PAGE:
“Come,” thought the musketeer, “since there is to be a squabble, let us take advantage of it.”

“Yes, the cemetery,” said Porthos. “Planchet is a very excellent fellow, who makes very excellent preserves; but his house has windows which look out upon the cemetery. And a very melancholy prospect it is. So this morning--”

“This morning?” said Aramis, more and more excited.

D’Artagnan turned his back to them, and walked to the window, where he began to play a march upon one of the panes of glass.

“Yes, this morning, we saw a man buried there.”

“Ah! ah!”

“Very depressing, was it not? I should never be able to live in a house where burials can always be seen from it. D’Artagnan, on the contrary, seems to like it very much.”

“So D’Artagnan saw it as well?”

“Not simply saw it, he literally never took his eyes off the whole time.”

Aramis started, and turned to look at the musketeer, but the latter was engaged in earnest conversation with St. Aignan. Aramis continued to question Porthos, and when he had squeezed all the juice out of this enormous lemon, he threw the peel aside. He turned toward his friend D’Artagnan, and clapping him on the shoulder, when St. Aignan had left him, the king’s supper having been announced, said, “D’Artagnan.”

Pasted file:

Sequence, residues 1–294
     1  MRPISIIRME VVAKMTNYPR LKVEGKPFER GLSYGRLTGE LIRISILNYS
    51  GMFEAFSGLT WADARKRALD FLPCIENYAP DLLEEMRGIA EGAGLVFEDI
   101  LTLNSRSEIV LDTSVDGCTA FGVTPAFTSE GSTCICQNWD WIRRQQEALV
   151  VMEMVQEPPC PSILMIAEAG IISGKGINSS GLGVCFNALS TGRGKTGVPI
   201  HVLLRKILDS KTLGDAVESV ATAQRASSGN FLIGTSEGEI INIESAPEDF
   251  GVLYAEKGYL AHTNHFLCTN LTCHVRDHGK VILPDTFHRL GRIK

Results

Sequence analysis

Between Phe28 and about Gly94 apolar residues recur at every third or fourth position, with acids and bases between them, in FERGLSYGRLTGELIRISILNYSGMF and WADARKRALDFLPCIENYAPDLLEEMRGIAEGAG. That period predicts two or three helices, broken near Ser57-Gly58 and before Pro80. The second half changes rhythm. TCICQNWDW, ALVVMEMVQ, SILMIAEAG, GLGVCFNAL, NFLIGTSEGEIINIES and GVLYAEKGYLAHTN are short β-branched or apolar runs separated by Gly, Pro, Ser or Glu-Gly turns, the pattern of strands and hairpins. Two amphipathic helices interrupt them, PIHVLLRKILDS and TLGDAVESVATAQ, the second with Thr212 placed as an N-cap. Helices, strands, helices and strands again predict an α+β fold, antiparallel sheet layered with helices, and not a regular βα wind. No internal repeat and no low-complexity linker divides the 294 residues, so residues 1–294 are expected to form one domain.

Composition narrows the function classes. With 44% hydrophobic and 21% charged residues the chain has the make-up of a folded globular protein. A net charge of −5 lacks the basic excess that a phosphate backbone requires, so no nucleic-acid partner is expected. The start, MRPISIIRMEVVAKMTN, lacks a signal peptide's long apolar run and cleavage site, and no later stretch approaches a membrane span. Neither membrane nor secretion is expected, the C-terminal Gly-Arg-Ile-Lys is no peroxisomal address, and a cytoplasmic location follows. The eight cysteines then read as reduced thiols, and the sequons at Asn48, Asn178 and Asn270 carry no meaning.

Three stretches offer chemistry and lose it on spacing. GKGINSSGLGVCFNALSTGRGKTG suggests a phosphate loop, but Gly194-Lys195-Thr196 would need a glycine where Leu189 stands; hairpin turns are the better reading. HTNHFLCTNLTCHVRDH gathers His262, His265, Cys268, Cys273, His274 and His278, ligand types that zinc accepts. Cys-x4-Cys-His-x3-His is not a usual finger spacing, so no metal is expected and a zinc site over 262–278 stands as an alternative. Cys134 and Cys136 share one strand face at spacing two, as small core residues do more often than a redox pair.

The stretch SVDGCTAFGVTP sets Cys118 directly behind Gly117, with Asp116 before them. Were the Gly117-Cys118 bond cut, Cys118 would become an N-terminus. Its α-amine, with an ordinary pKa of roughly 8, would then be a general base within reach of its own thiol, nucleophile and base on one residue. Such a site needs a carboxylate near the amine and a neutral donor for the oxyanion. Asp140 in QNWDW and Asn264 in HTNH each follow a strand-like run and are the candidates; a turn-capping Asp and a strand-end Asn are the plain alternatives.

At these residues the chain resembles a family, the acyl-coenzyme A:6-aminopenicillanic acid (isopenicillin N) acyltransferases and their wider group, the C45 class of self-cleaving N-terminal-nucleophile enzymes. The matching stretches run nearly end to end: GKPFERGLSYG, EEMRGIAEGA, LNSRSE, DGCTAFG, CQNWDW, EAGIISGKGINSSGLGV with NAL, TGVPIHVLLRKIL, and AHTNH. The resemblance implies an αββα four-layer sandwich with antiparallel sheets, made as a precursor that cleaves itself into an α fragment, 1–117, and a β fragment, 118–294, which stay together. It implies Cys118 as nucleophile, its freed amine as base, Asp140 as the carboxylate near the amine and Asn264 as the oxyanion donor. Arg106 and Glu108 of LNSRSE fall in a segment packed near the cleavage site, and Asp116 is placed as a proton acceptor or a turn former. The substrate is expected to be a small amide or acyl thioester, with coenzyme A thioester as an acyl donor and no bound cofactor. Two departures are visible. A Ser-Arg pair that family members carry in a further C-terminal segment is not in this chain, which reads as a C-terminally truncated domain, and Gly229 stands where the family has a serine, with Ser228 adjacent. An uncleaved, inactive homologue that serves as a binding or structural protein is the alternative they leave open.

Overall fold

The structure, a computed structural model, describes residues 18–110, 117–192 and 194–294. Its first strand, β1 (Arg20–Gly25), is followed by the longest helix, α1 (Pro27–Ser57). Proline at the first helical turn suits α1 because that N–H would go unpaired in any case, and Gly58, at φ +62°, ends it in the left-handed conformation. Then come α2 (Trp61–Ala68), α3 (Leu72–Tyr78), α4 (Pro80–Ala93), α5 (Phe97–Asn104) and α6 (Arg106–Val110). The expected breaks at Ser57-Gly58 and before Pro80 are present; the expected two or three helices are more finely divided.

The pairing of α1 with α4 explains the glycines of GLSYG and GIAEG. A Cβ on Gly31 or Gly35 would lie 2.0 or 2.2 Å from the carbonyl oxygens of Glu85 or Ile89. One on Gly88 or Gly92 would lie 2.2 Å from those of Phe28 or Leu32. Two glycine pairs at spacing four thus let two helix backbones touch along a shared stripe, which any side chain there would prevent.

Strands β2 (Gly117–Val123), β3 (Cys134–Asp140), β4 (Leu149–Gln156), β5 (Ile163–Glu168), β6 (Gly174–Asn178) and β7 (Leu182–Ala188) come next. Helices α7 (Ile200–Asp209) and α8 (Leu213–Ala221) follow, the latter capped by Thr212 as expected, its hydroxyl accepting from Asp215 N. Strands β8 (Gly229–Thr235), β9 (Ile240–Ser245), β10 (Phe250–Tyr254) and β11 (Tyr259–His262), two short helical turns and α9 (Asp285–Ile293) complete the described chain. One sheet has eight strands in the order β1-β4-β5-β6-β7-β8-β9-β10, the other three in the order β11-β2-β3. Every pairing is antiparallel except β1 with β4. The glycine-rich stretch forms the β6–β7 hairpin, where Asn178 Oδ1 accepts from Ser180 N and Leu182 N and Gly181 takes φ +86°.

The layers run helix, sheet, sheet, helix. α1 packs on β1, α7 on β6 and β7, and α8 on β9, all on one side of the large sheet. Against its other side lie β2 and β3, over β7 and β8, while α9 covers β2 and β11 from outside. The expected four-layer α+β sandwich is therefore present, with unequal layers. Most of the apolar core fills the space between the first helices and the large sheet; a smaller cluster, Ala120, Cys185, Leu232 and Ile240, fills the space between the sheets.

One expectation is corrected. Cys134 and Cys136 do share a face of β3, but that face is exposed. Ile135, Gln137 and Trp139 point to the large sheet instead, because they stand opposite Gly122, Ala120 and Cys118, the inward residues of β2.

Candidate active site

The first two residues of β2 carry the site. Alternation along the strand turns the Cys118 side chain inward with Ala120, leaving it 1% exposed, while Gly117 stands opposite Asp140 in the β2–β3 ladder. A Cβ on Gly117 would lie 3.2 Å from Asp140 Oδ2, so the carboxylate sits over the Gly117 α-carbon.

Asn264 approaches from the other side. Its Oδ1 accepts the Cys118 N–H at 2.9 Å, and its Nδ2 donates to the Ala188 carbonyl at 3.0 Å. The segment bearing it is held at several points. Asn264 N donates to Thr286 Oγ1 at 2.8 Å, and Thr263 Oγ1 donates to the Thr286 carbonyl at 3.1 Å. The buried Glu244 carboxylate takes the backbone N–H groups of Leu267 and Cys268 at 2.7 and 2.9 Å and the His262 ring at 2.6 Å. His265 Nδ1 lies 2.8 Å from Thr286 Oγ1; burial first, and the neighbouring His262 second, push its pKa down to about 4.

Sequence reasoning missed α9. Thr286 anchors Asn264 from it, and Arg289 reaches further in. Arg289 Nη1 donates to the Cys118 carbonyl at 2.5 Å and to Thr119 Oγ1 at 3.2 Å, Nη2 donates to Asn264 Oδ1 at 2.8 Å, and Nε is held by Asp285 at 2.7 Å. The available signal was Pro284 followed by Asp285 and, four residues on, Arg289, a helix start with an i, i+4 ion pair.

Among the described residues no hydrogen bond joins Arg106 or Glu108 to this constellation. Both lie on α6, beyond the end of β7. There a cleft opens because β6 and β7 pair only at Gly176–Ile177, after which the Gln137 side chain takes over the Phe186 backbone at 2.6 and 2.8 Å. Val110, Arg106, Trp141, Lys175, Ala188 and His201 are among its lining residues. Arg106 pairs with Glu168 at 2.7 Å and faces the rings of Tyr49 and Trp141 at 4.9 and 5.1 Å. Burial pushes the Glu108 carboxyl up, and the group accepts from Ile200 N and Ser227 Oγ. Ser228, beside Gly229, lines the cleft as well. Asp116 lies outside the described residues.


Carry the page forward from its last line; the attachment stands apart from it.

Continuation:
“Yes, my dear fellow,” he replied.

“We do not sup with his majesty, I believe?”

“Yes, indeed, I do.”

“Can you give me ten minutes’ conversation?”

“Twenty, if you like. His majesty will take quite that time to get properly seated at table.”

“Where shall we talk, then?”

“Here, upon these seats, if you like; the king has left, we can sit down, and the apartment is empty.”

“Let us sit down, then.”

They sat down, and Aramis took one of D’Artagnan’s hands in his.

“Tell me candidly, my dear friend, whether you have not counseled Porthos to distrust me a little?”

“I admit I have, but not as you understand it. I saw that Porthos was bored to death, and I wished, by presenting him to the king, to do for him, and for you, what you would never do for yourselves.”

“What is that?”

“Speak in your own praise.”

“And you have done it most nobly, I thank you.”

“And I brought the cardinal’s hat a little nearer, just as it seemed to be retreating from you.”

“Ah! I admit that,” said Aramis, with a singular smile, “you are, indeed, not to be matched for making your friends’ fortunes for them.”

“You see, then, that I only acted with the view of making Porthos’ fortune for him.”

“I meant to have done that myself; but your arm reaches further than ours.”

It was now D’Artagnan’s turn to smile.

“Come,” said Aramis, “we ought to deal truthfully with each other; do you still love me, D’Artagnan?”

“The same as I used to,” replied D’Artagnan, without compromising himself too much by this reply.